It's interesting. If you look at these two ads from American Action Network - one for California, and one for New York - solely from the perspective of a national observer, it's a headscratcher as to why a conservative-leaning group is targeting six Democratic Members of Congress (Tim Bishop, Lois Capps, John Garamendi, Jerry McNerney, Bill Owens, & Louise Slaughter) in two Blue States; particularly since none of the individuals involved are freshmen. And yet AAN did not merely do the ads; they're going to be backing them with targeted online advertising. And why are they doing this?
Because California and New York both had... unexpected... results in the redistricting wars. Ones that actually ended up not hurting Republicans as much as expected.
Of the two states, California probably had the more dramatic redistricting results. What happened in this state is that there was a combination of a serious redrawing of Congressional Districts and the installation of a 'jungle primary' system*. The result: a lot of reshuffling and moving around. For example: Jerry McNerney had to go from the old CA-11 to the new CA-09. He's facing a very strong contender there in Ricky Gill, but it's still a somewhat better partisan breakdown. Meanwhile, John Garamandi (CA-03) and Lois Capps (CA-24) are both dealing with double-digit partisan shifts in the GOP's favor, plus good opponents in former Colusa County Supervisor Kim Vann and former Lt Governor Abel Maldonado, respectively (the two factors are not unrelated). And that's why, despite looking superficially safe, AAN is targeting these three Congressmen: they are in fact vulnerable from being cut off from their usual constituent support.
Meanwhile, over in New York? Basic legislative skulduggery. Redistricting in NY was a mess: the state lost two CDs, and the knives came out early. The end result there... put seven Democrats and one Republican at risk (including all three AAN-targeted Democrats), and three Democrats (including Owens and Bishop) and one Republican at serious risk. Essentially, Tim Bishop (NY-01: opponent Randy Altschuler), Bill Owens (NY-21: opponent Matt Doheny), and Louise Slaughter (NY-25: opponent Maggie Brooks) are all now in districts where historically speaking the other side has recently won elections: in Bishop's & Owens' cases, they're in districts that George W Bush won in 2004 and Rick Lazio won in 2000 (Slaughter's new district went for Kerry in 2004). Again: superficially safe, actually vulnerable.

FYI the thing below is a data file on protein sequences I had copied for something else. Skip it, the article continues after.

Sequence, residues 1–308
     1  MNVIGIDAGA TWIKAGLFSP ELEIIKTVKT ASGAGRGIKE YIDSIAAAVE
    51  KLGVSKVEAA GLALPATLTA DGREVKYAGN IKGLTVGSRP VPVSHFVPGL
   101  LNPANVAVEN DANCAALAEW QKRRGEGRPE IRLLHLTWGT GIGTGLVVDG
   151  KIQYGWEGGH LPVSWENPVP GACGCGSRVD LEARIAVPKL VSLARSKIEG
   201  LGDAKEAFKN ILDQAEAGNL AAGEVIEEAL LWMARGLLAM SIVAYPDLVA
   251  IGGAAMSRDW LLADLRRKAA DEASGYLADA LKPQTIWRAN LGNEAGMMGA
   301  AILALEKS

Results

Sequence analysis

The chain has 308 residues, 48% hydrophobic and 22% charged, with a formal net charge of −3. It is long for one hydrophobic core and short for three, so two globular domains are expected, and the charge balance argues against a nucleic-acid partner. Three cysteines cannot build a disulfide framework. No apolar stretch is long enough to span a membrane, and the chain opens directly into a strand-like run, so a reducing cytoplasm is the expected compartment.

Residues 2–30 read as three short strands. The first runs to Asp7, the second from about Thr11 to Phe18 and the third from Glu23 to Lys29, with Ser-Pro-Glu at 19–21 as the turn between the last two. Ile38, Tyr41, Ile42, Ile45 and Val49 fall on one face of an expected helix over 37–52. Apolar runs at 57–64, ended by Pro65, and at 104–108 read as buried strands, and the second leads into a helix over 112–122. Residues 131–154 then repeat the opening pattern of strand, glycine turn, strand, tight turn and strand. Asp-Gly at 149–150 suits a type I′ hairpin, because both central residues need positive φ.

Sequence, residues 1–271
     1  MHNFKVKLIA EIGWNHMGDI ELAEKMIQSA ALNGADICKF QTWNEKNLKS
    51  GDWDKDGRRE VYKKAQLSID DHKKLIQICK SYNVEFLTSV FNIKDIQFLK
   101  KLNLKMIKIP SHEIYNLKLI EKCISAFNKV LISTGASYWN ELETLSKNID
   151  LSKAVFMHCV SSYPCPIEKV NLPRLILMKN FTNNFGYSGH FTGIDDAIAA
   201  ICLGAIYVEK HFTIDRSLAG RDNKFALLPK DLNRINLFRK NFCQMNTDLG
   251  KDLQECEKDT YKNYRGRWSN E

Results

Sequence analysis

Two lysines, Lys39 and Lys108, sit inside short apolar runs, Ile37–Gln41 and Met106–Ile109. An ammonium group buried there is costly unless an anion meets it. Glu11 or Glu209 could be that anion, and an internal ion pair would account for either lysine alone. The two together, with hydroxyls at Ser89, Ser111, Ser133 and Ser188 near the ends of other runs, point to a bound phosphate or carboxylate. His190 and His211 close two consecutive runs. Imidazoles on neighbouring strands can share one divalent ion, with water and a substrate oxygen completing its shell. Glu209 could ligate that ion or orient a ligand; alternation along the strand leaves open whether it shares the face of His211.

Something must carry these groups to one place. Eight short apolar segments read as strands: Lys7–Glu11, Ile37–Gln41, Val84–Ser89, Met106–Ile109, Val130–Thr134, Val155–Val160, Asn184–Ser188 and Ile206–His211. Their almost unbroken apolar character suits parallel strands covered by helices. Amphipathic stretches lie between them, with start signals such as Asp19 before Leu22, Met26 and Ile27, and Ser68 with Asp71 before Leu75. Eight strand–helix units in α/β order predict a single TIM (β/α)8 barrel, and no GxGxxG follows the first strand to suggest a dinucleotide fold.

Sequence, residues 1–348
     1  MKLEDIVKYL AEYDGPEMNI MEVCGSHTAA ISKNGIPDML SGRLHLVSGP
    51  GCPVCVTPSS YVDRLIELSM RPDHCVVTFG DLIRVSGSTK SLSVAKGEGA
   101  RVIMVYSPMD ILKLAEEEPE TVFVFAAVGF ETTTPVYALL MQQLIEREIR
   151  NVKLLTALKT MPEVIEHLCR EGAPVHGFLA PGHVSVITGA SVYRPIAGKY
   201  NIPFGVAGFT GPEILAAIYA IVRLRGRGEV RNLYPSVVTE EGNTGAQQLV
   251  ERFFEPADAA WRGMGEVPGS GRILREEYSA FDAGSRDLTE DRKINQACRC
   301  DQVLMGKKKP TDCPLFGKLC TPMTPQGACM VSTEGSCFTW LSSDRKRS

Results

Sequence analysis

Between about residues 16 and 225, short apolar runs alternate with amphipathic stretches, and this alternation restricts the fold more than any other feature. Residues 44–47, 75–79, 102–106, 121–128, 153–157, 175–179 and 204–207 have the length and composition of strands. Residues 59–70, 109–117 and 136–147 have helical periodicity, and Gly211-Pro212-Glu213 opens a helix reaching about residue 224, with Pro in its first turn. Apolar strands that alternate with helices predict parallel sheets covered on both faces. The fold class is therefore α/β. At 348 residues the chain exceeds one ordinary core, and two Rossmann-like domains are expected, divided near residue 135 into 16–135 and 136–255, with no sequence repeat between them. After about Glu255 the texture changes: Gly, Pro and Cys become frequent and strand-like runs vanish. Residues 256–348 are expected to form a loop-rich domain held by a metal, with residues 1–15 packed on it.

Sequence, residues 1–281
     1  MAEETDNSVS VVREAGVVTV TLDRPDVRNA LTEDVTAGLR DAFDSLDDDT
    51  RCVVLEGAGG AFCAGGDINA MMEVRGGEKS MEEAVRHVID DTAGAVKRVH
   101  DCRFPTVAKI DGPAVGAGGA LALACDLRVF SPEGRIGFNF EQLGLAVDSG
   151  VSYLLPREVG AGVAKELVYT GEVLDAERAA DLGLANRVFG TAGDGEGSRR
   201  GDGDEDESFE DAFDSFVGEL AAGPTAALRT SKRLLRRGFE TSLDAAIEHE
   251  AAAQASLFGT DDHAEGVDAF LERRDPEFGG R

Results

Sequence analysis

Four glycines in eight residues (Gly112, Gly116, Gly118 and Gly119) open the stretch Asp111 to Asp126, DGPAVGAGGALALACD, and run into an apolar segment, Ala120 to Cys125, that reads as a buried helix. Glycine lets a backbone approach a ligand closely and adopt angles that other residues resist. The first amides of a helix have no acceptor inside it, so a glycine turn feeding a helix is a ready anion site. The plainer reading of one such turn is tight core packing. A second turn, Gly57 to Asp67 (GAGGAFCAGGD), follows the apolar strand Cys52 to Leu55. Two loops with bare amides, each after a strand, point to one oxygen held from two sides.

And all thanks to redistricting. Really: the Democrats picked the worst possible moment to suddenly go wobbly in the state legislatures. And, yes, I know that California wasn't directly affected by that happening; but the lack of Democratic dominance elsewhere is making the redistricting results there kind of a big deal anyway...
Moe Lane (crosspost)
*Jungle primaries are one where the top two vote recipients in a primary election, regardless of political affiliation, continue on to the general election; it's supposedly a reform, although I'm not exactly certain what it's supposed to be a reform of. California's new system has already crashed and burned, in fact: over in CA-31 the general election choice is between two Republicans, despite the fact that it's a heavily Democratic district (too many Democratic candidates, too evenly matched: the CA GOP had more internal discipline, and thus got the seat for free).